Back Modifications (4)
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By Balance_78
Captured in The British in Douglas. The lady was waiting for her friend and to pass the time she looked out over the marina.
The shot was taken at table height with a reasonable wide aperture. The only edits made was an image crop

Tags: Street Street portrait Bnw photography


dark_lord Plus
17 2.9k 786 England
28 Apr 2021 5:03PM
A nicely captured momemt.
I made a tighter crop to make the left hand side look neater.
I considered doig the same on the right but it looked claustrophobic and she needs that space to look in to.
I thought of leaving the chair at the bottom but then decided to crop that too so all the attntion is on the peron.
dudler Plus
18 1.7k 1884 England
28 Apr 2021 6:24PM
I feel the need to crop, but it's tricky...

The menu in the foreground brings up the out-of-focus foreground issue again, and the sides are hard to crop to remove distractions without going too tight. Horizontal format, with more room (and a picture or two more) on the right, maybe?
banehawi Plus
17 2.6k 4274 Canada
28 Apr 2021 6:52PM
I wonder if your subjects are centrally placed to facilitate focusing? Better to try off centre if possible.

This has been cropped from your original, presumably to remove distractions.

Ive tried to show, in a mod, what an off centre composition looks like, if it was possible in this situation. Excuse the extra bag!


pamelajean Plus
15 1.6k 2238 United Kingdom
28 Apr 2021 8:33PM

Quote:I wonder if your subjects are centrally placed to facilitate focusing? Better to try off centre if possible.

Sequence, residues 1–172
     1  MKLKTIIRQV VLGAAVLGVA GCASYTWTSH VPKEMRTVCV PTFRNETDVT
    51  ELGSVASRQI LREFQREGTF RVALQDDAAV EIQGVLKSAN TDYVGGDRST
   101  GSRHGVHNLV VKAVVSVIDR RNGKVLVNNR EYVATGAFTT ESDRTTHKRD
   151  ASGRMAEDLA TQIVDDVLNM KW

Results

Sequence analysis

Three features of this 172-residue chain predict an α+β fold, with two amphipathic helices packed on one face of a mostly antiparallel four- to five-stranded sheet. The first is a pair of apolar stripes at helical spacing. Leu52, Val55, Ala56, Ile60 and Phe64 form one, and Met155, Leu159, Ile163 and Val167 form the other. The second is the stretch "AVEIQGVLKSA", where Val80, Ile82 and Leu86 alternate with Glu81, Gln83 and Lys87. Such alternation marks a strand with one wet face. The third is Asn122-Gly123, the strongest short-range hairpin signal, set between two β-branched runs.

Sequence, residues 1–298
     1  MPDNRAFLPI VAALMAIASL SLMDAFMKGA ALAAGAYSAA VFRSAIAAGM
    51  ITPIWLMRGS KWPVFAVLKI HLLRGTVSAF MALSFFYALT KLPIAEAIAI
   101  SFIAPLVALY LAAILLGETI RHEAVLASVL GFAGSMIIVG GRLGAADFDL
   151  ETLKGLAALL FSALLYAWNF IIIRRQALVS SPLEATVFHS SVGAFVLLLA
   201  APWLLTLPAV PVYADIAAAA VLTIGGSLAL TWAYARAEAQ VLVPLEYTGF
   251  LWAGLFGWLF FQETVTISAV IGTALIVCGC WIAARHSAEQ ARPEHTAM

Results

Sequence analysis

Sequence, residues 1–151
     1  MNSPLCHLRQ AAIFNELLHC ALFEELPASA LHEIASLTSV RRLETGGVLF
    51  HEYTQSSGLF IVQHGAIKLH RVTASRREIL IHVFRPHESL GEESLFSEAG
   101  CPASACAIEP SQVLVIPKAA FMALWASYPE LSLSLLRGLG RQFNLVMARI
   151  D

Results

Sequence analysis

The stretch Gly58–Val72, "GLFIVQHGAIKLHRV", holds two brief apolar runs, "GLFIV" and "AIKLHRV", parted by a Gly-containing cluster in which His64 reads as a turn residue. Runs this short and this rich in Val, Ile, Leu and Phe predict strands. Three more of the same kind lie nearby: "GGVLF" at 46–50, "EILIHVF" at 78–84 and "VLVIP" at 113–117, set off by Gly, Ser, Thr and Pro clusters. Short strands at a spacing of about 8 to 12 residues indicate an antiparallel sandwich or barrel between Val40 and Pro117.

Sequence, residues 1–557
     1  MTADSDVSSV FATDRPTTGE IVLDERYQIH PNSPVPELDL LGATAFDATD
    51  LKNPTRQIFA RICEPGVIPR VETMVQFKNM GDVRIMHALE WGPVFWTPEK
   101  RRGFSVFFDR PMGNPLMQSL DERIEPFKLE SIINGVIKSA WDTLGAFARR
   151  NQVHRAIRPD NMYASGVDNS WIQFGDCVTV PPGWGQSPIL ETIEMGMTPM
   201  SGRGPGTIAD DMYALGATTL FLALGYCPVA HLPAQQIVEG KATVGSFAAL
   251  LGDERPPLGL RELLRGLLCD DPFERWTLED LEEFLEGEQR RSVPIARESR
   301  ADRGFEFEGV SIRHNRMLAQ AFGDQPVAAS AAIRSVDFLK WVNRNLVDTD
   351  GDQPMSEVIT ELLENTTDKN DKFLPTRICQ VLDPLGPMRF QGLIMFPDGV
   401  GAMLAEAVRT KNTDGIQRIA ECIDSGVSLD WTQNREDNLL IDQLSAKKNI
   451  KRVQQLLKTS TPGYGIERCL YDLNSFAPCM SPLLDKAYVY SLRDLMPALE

I would like to expand on what Willie has said, Gregg.

I assume you are using a single focus point, and that you are placing that in the centre of your frame. Therefore, when focusing on your subject/s, they are in the centre, where the focus point lies.

Now, you can either change that focus point on your screen, so that it corresponds with your subject's face, which would mean altering it at the time of shooting, or contemplating shooting, OR you can focus on your subject's face with that central focus point, half depress the shutter in order to lock the focus, and then re-compose your shot before completing the shooting.

For instrance, here, you could have less space behind your subject and more in front of her, simply by moving your camera to the right and placing your subject to the left of the frame. This moving of your camera has to be done whilst that half-pressed focus-locking button is being pressed. Then, when you have the composition offsetting your subject, complete the depression of the shutter and take the picture.
The focus will stay on the face even though you have shifted the focus point. This is because you locked it. I hope you understand. On the other hand, I may be teaching my grandmother to suck eggsSmile.

mrswoolybill Plus
15 3.0k 2465 United Kingdom
28 Apr 2021 10:00PM
This is the first of your uploads where central placement works for me, I think it's because she is looking more towards us. Again, you have composed as much for the pictures in the background as for the subject. Was this deliberate or unconscious, I wonder?

That Hitchcock picture is a gift. I could spend a lot of time waiting for subjects to position themselves below it for me...
Robert51 13 7 126 United Kingdom
29 Apr 2021 8:38AM
What a great image and one that works really well in black and white.

The mod I sharpened the field of focus around the subject and the sofa. I also cropped outthe parts that pull the eye that are not really needed as part of the Image. Then added a radial gradident to draw to eye to the subject. All very minor changes that I hope you like.
dudler Plus
18 1.7k 1884 England
29 Apr 2021 11:51AM
To expand on the focussing...

I know that you're using a manual focus lens, and are either relying on focus peaking, or a magnified image in the viewfinder. Although I don't know how to do this with a Fuji, I'm sure that it can be done, in a similar way to the way I work with a Sony camera. I can move the magnified area around the image - I've described it in detail in this BLOG.

The short summary is: Compose. Select magnification area, possibly using a customised button. Magnify. Focus. Shoot without going back to the full-field view.

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